Ever since researchers started studying the Earth’s spin, they noticed that the spin isn’t perfect. Many believe this is a result of the different elements in the Earth’s core, mantle and crust, which have different densities and generate different friction.
Most researchers studying this wobble agreed that the mantle would have to respond to the magnetic tug of the core – but the problem here is that the mantle is made out of rocks, and not only metals, like the core, and therefore shouldn’t be conductive; hence, quite a predicament. However, new research done by Kenji Ohta and his colleagues at Osaka University in Japan.
As they describe in their paper published in Physical Review Letters, it appears that a mineral called Wustite (FeO), believed to be a significant component of the Earth’s mantle, can be made to conduct electricity at high temperatures and pressures.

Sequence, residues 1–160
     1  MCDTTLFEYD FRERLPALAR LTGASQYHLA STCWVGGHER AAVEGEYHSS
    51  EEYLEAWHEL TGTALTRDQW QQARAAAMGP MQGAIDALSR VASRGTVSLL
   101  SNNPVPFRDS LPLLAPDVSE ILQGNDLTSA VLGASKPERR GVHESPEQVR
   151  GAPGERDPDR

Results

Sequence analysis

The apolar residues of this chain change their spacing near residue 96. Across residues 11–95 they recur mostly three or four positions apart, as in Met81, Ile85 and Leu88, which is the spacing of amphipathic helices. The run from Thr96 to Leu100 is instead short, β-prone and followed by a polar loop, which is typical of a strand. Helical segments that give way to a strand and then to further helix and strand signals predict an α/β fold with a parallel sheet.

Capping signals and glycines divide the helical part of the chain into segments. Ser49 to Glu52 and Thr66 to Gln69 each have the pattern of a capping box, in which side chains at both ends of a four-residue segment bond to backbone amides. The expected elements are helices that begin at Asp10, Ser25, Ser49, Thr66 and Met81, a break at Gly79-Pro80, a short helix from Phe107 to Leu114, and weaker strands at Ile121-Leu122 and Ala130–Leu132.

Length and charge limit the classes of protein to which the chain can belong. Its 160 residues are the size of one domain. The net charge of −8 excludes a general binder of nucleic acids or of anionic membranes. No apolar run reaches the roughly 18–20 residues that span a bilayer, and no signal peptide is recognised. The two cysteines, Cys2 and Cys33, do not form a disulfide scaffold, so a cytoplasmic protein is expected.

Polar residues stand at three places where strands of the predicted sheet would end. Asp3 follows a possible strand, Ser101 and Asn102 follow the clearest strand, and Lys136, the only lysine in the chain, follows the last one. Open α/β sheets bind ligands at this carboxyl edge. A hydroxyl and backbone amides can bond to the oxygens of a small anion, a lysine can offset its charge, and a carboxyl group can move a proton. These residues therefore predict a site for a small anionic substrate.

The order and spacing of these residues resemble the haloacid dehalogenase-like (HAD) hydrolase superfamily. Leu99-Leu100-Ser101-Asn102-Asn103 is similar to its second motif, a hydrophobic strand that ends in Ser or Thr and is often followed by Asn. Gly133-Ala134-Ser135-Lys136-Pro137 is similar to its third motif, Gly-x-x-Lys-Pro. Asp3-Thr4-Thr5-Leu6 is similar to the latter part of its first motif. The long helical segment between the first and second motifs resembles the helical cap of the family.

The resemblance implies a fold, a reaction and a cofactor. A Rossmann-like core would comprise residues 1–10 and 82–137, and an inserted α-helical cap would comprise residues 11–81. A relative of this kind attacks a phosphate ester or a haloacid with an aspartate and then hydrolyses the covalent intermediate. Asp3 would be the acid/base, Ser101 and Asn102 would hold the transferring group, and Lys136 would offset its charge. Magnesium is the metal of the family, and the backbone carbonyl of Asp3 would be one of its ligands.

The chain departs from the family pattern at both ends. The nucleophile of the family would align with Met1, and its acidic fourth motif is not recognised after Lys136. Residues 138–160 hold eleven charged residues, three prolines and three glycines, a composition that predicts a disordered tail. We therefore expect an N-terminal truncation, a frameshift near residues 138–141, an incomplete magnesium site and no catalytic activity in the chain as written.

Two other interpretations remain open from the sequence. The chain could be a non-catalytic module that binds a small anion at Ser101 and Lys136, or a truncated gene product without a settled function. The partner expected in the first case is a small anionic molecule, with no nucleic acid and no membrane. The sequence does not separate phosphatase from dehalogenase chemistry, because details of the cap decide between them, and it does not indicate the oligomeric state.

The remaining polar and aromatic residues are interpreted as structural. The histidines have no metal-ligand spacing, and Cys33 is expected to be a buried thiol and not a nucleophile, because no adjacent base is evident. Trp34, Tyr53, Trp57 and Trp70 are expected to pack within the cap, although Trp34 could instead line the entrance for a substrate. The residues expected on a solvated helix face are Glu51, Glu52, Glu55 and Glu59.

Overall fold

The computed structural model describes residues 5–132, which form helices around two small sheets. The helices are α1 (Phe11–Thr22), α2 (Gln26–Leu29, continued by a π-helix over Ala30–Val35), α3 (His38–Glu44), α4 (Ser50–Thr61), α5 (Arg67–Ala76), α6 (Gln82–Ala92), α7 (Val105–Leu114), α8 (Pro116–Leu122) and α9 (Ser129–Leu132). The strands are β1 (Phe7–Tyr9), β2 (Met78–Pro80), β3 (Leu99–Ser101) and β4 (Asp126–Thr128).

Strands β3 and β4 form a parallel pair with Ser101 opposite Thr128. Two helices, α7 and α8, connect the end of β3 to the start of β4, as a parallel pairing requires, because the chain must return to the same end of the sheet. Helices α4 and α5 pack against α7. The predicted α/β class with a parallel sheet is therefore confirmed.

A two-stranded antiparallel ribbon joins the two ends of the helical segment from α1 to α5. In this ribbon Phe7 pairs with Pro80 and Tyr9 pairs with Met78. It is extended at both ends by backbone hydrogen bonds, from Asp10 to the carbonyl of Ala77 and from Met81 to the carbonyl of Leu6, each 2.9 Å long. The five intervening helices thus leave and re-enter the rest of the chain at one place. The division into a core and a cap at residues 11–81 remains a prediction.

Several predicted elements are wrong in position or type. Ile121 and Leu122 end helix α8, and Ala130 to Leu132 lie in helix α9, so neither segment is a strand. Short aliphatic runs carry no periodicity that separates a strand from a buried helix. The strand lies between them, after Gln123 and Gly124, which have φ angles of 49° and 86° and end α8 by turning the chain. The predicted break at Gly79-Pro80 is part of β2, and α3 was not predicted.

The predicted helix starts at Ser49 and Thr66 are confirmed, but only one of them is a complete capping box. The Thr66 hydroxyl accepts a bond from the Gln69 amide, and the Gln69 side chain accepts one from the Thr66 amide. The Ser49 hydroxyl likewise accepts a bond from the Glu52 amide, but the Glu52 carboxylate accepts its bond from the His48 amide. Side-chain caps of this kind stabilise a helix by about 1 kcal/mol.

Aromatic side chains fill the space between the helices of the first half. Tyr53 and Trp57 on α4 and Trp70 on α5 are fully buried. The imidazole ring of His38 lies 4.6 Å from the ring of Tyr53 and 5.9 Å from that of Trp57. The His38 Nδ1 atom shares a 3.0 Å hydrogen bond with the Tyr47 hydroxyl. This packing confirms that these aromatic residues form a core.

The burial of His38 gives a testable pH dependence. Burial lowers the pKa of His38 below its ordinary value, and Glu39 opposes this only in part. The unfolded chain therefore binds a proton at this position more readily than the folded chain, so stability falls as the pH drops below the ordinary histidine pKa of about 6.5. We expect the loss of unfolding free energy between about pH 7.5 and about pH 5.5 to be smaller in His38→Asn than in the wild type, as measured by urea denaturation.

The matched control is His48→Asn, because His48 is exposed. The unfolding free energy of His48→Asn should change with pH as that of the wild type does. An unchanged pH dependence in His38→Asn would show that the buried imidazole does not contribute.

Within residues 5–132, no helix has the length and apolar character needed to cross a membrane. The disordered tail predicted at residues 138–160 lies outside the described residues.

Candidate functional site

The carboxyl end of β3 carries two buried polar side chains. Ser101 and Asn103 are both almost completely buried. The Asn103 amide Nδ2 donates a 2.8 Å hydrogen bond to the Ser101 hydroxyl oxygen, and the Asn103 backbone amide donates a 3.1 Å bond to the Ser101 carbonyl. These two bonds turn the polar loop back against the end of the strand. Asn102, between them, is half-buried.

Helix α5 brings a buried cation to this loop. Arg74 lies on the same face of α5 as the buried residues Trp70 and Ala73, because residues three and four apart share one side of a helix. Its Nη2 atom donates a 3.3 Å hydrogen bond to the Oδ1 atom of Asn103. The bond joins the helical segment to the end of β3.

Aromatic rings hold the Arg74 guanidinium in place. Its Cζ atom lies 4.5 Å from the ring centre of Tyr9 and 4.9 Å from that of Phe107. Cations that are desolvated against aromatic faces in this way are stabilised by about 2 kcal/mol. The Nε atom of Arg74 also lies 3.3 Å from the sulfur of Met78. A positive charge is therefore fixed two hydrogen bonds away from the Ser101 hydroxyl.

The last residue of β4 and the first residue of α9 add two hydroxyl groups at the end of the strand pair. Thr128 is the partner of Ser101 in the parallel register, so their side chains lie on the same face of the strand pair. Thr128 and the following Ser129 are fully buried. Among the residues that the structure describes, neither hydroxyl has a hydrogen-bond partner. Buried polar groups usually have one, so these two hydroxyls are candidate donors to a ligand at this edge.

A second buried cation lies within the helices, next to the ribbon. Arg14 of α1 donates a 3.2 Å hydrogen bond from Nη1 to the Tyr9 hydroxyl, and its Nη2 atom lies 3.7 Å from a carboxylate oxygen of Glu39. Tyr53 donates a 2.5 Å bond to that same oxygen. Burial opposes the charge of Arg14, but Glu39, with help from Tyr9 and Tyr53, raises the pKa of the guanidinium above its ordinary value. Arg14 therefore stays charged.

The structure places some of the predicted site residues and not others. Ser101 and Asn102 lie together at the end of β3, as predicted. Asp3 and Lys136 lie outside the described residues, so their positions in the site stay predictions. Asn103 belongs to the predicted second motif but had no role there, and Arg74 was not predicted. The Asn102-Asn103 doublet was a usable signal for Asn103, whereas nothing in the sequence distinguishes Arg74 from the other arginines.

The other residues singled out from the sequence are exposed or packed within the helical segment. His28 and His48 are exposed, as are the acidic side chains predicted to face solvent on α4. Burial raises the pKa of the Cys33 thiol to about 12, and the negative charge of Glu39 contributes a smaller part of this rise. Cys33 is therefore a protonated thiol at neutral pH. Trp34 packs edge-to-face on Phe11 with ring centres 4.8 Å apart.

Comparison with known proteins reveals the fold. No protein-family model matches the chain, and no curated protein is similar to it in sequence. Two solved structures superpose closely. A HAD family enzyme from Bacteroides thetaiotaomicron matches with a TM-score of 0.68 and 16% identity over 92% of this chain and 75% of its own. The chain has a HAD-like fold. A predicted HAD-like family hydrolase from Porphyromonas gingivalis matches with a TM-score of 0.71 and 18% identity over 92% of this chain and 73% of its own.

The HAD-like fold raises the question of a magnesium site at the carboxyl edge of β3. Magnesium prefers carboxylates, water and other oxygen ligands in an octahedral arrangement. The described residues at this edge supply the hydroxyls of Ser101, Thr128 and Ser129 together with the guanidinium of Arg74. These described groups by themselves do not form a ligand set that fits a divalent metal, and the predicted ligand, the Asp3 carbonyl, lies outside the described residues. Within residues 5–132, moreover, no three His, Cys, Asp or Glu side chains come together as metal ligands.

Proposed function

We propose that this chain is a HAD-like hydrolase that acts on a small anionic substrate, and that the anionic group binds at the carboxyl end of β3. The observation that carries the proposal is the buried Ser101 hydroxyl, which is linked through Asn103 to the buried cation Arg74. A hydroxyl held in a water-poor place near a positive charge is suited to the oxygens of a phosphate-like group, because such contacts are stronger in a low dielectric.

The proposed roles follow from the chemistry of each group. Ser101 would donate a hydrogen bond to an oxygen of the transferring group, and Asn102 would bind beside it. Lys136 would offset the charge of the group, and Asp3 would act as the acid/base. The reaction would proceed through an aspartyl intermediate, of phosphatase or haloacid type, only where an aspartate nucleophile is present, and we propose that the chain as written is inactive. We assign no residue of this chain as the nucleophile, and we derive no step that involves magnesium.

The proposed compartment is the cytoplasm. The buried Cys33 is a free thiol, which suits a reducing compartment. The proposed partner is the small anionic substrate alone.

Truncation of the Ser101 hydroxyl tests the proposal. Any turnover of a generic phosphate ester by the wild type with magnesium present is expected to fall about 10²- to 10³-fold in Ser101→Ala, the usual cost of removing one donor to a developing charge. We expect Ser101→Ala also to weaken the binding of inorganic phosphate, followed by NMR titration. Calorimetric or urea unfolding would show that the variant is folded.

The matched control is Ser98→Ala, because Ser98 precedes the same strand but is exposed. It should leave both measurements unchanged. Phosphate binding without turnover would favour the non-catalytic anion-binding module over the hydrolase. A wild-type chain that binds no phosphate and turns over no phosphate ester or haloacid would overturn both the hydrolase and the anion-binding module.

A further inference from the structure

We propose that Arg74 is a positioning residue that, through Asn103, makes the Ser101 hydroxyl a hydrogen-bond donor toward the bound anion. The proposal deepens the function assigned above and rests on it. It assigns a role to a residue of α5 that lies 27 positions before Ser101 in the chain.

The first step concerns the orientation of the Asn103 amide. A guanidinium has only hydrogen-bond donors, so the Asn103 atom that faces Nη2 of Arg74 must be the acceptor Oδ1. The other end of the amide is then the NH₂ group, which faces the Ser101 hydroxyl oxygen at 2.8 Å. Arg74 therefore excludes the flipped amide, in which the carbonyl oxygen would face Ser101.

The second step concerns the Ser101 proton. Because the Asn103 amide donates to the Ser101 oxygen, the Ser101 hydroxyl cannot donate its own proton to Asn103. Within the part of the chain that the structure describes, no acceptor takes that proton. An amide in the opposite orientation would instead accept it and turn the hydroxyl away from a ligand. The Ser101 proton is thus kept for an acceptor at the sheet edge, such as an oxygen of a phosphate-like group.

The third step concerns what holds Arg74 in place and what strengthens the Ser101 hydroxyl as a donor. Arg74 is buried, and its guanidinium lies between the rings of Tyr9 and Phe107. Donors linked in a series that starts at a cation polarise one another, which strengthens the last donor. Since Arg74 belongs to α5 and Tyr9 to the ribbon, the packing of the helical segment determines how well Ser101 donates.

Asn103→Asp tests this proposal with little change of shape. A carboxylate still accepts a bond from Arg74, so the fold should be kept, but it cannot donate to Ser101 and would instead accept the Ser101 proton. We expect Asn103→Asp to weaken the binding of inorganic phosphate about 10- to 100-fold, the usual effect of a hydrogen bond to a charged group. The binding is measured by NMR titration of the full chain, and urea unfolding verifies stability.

In order to test their theory, they raised the mineral up to 1600°C and applying 70 gigapascals of pressure, and they found it becomes just as conductive as an average metal. To find out what happens in even harsher conditions, they heated the mineral to 2200°C and doubled the pressure – finding the same results, suggesting that the same thing would happen even deeper in the mantle, closer to the core-mantle boundary.
In order to better understand why this particular mixture of Oxygen and iron becomes conductive at high pressures, the team did density and electrical conductivity tests and their results seem to suggest that this metallization is related to the spin crossover.